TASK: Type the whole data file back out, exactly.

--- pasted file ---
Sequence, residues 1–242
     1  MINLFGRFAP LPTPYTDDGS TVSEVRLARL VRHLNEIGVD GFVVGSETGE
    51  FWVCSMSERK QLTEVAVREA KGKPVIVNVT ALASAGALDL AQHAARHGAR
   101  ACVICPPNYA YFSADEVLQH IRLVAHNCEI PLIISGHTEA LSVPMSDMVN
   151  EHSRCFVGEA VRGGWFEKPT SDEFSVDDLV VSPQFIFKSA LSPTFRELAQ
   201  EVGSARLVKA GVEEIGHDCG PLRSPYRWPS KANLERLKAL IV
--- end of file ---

Sequence, residues 1–242
     1  MINLFGRFAP LPTPYTDDGS TVSEVRLARL VRHLNEIGVD GFVVGSETGE
    51  FWVCSMSERK QLTEVAVREA KGKPVIVNVT ALASAGALDL AQHAARHGAR
   101  ACVICPPNYA YFSADEVLQH IRLVAHNCEI PLIISGHTEA LSVPMSDMVN
   151  EHSRCFVGEA VRGGWFEKPT SDEFSVDDLV VSPQFIFKSA LSPTFRELAQ
   201  EVGSARLVKA GVEEIGHDCG PLRSPYRWPS KANLERLKAL IV